Becoming a Coach-Like Leader By: Pasquale Ferrara, Jr 2020.05.28

Leaders are expected to be many things. Managers delivering results; aligning their teams with department and corporate goals. Mentors, encouraging team members to focus on personal growth through offering a broader career perspective. Coaches, helping team members, through introspection and reflection, to become the best versions of themselves.

Daniel Goleman identified six leadership styles in his Emotional Intelligence work. Of the six styles, the least used is Coaching.  Leaders offer many excuses to avoid coaching. Do you recognize these?

It takes time to coach.  

It is uncomfortable.  

It can be scary.  

It doesn’t always show immediate bottom-line results

Are you Coach-Like?

Coaching is a skill, and like any skill, instruction, time and practice are necessary ingredients for a strong foundation. It’s like learning to golf.  Golfers know that it is a good idea to take a few (or many) lessons with a golf pro before getting onto the course to avoid creating bad habits that are difficult to change (and before tearing up divots and slicing dozens of balls into the rough). Studies show that if someone takes even a few lessons they will end up developing good habits that can be honed through practice.  Leaders should approach coaching like golf (or any endeavor). After all, if coaching is a valuable skill, then it should be worth someone’s investment of time and practice! If it seems too easy, or something that anyone can do, it may lose its value in the eyes of leaders.

What can we do to get our leaders, and ourselves, to be more coach-like? 

To start with, leaders need to know how to ASK. Leaders love to tell because it is easier than asking. Asking can be scary (Especially if you don’t know the answers to the questions before they’re asked.) Let’s start to become more coach-like by taking the time to ask. Use empowering, positive questions that focus on what’s working and on people’s strengths. Try How, What, When and Who questions. Ask about what is working and what more you can do for your team members. Ask from a place of curiosity. Be genuinely interested!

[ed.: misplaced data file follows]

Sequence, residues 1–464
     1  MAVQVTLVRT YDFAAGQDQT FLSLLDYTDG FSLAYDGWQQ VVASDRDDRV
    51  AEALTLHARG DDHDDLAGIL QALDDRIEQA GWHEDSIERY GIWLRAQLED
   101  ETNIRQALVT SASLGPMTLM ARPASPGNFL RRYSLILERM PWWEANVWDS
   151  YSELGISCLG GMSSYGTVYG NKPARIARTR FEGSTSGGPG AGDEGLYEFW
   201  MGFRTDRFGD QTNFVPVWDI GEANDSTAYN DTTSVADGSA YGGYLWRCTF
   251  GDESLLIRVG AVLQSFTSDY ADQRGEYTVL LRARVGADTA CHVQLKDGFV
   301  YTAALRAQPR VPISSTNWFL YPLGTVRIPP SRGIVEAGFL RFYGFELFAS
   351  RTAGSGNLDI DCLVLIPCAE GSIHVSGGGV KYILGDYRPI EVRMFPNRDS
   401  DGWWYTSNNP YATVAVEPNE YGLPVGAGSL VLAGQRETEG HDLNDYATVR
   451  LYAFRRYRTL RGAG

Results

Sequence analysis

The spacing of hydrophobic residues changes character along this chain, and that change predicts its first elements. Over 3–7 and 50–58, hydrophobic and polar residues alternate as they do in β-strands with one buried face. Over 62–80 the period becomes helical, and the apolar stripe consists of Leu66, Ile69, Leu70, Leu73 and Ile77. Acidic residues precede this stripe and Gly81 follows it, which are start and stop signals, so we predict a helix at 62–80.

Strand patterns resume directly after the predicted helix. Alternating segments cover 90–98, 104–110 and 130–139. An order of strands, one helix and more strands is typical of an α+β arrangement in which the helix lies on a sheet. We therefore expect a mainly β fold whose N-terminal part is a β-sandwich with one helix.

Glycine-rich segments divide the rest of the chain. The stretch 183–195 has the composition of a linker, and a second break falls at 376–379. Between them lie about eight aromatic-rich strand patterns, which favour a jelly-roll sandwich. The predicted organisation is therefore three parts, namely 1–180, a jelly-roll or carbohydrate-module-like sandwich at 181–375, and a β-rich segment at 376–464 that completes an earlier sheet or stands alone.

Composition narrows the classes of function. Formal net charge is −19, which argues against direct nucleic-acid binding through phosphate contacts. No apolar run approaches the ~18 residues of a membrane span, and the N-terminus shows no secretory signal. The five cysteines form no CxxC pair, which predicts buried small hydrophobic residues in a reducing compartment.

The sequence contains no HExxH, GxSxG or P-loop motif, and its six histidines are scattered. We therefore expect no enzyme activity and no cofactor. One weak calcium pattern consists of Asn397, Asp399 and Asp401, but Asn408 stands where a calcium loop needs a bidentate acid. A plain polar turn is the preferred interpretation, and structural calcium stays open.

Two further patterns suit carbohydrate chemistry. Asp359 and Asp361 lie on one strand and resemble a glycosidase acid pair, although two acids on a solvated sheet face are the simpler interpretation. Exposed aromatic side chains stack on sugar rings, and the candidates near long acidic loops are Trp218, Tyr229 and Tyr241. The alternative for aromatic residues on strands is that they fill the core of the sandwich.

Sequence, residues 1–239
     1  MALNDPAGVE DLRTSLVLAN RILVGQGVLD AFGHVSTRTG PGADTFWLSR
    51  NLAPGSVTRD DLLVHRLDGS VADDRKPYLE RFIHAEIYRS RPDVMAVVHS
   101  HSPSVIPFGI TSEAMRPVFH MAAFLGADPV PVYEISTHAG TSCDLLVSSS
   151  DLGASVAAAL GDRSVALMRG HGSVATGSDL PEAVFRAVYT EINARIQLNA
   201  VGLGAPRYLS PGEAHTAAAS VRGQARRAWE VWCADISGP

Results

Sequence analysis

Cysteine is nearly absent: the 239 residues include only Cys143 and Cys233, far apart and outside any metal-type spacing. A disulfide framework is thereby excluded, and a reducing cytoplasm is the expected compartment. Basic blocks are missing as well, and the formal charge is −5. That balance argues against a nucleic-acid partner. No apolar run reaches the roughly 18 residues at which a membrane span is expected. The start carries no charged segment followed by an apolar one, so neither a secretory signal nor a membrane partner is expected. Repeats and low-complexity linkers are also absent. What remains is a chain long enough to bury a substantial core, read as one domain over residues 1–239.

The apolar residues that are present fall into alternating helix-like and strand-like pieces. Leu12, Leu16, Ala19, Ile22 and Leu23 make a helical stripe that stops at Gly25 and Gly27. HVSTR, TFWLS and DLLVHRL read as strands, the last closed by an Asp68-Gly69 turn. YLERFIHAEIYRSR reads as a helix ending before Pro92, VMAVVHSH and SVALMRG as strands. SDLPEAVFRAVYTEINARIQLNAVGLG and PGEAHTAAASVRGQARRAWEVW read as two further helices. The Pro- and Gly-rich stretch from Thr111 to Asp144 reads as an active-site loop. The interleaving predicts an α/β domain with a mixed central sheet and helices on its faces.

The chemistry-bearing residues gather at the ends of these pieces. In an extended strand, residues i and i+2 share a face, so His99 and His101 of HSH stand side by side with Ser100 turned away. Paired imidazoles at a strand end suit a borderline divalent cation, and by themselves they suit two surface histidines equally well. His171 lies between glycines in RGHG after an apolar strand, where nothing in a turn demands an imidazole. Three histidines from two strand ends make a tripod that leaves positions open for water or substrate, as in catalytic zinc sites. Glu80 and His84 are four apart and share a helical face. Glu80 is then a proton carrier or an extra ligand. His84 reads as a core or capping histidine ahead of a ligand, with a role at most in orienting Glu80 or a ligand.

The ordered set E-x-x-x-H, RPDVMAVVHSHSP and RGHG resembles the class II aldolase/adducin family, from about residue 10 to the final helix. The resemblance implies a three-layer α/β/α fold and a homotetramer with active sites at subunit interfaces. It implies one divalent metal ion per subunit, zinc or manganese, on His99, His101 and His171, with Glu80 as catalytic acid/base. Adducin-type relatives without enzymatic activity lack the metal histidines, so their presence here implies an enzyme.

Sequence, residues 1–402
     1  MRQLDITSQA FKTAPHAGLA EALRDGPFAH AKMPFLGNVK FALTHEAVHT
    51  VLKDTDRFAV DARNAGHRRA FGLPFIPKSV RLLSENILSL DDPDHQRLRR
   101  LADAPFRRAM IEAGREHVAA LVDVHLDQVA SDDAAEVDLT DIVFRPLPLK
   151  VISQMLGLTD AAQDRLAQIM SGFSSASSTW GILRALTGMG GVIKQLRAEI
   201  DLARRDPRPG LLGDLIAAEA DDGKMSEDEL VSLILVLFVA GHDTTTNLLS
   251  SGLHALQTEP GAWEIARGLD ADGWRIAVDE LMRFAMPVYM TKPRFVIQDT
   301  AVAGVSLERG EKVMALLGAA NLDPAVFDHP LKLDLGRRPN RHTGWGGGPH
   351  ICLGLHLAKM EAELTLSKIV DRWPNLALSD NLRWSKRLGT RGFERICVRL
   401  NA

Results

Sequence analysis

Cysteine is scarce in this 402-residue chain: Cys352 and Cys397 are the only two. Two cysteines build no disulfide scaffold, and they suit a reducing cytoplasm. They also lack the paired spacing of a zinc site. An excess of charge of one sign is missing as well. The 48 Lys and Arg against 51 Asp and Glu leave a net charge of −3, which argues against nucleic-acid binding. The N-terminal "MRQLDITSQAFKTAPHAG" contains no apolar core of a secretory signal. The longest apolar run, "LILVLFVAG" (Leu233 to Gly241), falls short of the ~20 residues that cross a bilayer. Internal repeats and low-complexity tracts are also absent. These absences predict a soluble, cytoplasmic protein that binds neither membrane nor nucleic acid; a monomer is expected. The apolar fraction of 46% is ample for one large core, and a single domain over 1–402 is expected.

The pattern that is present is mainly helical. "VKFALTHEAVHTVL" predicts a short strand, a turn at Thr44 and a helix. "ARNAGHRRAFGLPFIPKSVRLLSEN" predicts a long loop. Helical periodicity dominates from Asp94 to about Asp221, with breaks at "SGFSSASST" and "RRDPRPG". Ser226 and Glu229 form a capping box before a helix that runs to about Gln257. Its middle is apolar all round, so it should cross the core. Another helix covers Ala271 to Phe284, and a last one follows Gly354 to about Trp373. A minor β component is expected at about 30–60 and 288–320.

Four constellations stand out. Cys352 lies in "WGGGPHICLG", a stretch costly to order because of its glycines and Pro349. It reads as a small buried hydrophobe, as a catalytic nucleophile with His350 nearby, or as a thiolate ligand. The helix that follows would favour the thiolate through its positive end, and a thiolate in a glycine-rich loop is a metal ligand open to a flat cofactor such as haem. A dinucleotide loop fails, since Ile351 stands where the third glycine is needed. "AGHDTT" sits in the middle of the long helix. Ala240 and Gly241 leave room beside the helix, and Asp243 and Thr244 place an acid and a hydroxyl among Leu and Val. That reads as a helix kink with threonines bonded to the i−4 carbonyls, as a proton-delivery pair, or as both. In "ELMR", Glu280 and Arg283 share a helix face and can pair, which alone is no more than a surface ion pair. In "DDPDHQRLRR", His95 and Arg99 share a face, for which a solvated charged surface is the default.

Then, be quiet and LISTEN. Jimi Hendrix put it best when he said “Knowledge speaks, but wisdom listens”. Coaching isn’t about you; it’s about your team members. Let them speak, and when you get the urge to speak WAIT. Ask yourself, Why am I talking? Talk less and learn to listen more!

Simple, first steps in becoming coach-like. Be proactive. Pick a team member you are comfortable with to start. Surprise your team by showing up differently; as a coach-like leader!

 

 

 

 

 

Pasquale Ferrara, Jr

Pasquale (Pat) Ferrara has 35 years of corporate human-resources experience in diverse human-capital roles with both domestic and international financial-services and service-delivery organizations. Pat’s most recent role was executive director of HR for a global financial-services organization responsible...

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